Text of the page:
The Dubious Ethics of "Real-Person Fiction"

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News Media Commentary
Title: The Dubious Ethics of "Real-Person Fiction"
Commentator: Tonya Riley
Date(s): January 12, 2018
Venue: online
Fandom: RPF
External Links: The Dubious Ethics of "Real-Person Fiction"
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The Dubious Ethics of "Real-Person Fiction" is a 2018 essay by Tonya Riley, a tech journalist[1]. Subtitle: "When fanfic writers start putting real celebrities in steamy situations, what’s the law to do?"

The article's topic is the ethics, history, and popularity of RPF.

The article quotes a fic on Archive of Our Own by a fan named Chloe about an "encounter between Jonathan Scott, co-host of HGTV’s real estate show Property Brothers, and AJ Styles, the WWE wrestler," but does not name the fic, nor does it link to it.

Some Topics Discussed

  • the long history of RPF: Shakespeare to Bronte sisters, to Napoleonic War role-playing games and that "even before the first internet chat rooms and listservs, fanfiction existed in notebooks and between friends"
  • Fanfiction.net's ban of RPF in 2002
  • claims RPF was mainly underground until 2012 "with the advent of 'Larry Stylinson,' a trend in which writers began romantically paring One Direction band members Harry Styles and Louis Tomlinson. 'The whole ecosystem of Larry shipping, it kind of opened a floodgate,' says Amanda Brennan, senior content insights manager at Tumblr." (Larry shipping started in 2010.)
  • Mark Zuckerberg and The Social Network
  • quotes Fic: Why Fanfiction Is Taking Over the World but gets the title wrong
  • Anna Todd's One Direction fic After
  • the minor oft-quoted strawman example of the 2003 case where "FanDomination.net received a cease-and-desist order from baseball player Andy Pettitte’s legal team asking that a story about him be taken down"
  • Wattpad is sanctioning RPF for profit
  • aside from the choice of the word "dubious," the article, in classic clueless journalism, cherry picks and highlights an off-beat pairing: "while pairing Pikachu with Lord Voldemort is one thing, the genre gets more dubious when you start" writing RPF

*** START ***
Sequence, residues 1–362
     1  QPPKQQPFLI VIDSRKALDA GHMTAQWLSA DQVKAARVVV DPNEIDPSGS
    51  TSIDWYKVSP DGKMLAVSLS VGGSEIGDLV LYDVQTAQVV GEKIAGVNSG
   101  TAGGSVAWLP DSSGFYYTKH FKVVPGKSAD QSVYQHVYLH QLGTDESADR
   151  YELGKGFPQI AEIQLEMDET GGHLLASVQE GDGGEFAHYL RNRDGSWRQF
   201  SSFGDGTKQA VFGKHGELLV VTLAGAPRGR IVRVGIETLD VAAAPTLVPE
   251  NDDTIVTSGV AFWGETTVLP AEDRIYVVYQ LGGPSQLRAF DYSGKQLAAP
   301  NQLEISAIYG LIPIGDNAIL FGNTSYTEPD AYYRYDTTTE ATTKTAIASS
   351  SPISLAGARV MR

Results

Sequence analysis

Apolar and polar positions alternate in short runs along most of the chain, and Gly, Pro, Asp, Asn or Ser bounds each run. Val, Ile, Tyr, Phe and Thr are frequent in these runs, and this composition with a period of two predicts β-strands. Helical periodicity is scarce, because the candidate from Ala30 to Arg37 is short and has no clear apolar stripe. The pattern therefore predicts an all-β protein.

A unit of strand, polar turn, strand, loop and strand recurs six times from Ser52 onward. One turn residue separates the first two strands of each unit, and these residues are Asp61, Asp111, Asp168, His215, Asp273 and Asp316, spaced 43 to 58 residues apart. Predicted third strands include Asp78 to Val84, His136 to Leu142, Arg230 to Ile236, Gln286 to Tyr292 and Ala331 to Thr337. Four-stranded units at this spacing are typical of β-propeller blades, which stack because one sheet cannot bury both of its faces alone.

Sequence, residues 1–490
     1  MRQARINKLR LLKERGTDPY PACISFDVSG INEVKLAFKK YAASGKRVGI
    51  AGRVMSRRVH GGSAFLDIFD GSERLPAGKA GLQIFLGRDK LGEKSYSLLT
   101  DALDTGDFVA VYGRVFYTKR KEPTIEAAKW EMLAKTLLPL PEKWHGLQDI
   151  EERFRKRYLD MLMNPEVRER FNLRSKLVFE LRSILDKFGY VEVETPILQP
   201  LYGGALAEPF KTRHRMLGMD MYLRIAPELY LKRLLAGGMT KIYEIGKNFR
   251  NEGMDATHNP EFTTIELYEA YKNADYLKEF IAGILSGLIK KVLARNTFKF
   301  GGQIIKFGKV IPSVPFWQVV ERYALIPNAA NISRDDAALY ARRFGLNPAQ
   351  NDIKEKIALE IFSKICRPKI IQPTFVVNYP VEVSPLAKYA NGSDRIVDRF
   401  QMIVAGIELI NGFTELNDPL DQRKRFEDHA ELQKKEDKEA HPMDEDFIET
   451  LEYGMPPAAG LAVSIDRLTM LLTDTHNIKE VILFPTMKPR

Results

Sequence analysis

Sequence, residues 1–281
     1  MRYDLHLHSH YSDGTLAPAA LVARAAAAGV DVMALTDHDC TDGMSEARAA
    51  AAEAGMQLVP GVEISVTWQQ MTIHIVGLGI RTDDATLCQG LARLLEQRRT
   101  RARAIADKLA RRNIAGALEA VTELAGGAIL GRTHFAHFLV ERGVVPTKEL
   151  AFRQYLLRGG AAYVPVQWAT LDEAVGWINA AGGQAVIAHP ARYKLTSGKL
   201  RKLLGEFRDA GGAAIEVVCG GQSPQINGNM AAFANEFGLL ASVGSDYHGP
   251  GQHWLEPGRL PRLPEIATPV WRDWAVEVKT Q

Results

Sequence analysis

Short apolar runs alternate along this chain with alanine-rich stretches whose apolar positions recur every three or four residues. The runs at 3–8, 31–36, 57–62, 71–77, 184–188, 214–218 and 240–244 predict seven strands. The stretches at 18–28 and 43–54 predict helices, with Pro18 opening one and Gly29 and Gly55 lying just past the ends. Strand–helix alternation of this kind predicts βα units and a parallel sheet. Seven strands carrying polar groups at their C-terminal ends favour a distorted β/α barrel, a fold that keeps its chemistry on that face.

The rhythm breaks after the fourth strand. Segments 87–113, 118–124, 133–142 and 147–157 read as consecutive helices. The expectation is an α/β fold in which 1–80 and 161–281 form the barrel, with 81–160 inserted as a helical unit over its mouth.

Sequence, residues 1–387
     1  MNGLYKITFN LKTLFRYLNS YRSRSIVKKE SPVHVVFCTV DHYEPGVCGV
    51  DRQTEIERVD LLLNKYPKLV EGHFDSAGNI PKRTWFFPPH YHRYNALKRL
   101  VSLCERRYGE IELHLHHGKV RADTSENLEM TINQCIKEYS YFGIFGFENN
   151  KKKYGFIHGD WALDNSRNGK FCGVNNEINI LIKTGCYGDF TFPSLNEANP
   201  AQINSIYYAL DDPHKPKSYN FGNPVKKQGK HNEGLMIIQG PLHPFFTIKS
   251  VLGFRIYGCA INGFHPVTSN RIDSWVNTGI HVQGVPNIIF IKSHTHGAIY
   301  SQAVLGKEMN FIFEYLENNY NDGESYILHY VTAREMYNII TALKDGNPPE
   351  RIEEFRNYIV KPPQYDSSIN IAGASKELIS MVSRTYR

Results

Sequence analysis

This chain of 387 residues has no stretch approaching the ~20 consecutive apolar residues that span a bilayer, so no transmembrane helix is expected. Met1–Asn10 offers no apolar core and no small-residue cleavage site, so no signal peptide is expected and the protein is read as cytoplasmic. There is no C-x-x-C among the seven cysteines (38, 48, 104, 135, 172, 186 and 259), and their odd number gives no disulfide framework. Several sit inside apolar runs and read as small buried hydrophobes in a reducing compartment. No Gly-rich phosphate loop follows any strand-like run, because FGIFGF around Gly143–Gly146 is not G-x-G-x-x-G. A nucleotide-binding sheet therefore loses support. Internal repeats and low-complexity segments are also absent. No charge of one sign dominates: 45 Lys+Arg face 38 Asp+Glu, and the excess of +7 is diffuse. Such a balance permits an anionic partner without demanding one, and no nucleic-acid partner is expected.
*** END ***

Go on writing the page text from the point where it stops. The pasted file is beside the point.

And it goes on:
• it's not the storytelling, it's the amount of sexual explicitness that people don't like
  • "The question is no longer whether RPF is okay — it’s whether we’re ready to admit that this is already how we view celebrities."

Excerpts

This passage might seem like a typical selection of steamy erotica (and trust me, it gets steamier) except for one thing: Jonathan and AJ are real people. This story is about an encounter between Jonathan Scott, co-host of HGTV’s real estate show Property Brothers, and AJ Styles, the WWE wrestler. The author is Chloe, a 19-year-old from Houston, and her piece is just one of hundreds on the site that puts Jonathan Scott — or his brother Drew, or sometimes both of them, together — in sexual, bizarre, or very clearly unrealistic situations.
Thanks to sites like Tumblr and books like 50 Shades of Grey, fanfiction is now a mainstream phenomenon that is tolerated, if not embraced, by many creators. But while pairing Pikachu with Lord Voldemort is one thing, the genre gets more dubious when you start “shipping” (a convention where fans pair characters that are not canonically dating or sometimes even in the same universe) real-life people. So what does it mean that stories like Chloe’s, a genre called real-person fiction (RPF), can take someone like Jonathan and put him in situations he’s never even imagined consenting to? The murky questions of consent and ownership of public identity raised by RPF have made it both a scourge of the fanfiction world and a surprising stand-in for fandom at large in the internet age.
Popularity aside, though, plenty of fans and writers can’t stand the genre. “RPF — and by that I mean explicit stories about currently living celebs — is the lowest trash possible to me,” says fanfiction writer Sergey, 30. While he has no issue with historical RPF, he expressed disapproval of writers “who use ‘But they are famous, they have to deal with it!’ as an excuse for being creepy.”
If the law is the same for a writer like Aaron Sorkin and the average Harry Styles RPF writer, why is the latter considered so much worse? “I mean, frankly, what people think is gross is a lot of it is about sex,” says Anne Jamison, author of Fic: Why Fan Fiction Is Taking Over the World. “If they were just writing about sending Chris Evans to Hogwarts to teach Harry Potter about being a superhero, it wouldn’t cause the same reaction. It raises issues of consent to people.”
Literary and legal debates aside, RPF is probably most disturbing in what it says about the rest of us: Often, we’re just as obsessed as the writers. Given our celebrity-driven culture, it’s almost unavoidable not to be guilty of stanning (being a stalker and a fan) too hard for someone or peering a bit too deeply into a private life we haven’t been granted permission to access.

References

  1. ^ According to her Medium blurb: "Tech writer reporting on the future for the rest of us. You can read my other work at Slate, Wired, Esquire, Cosmopolitan, Science Mag"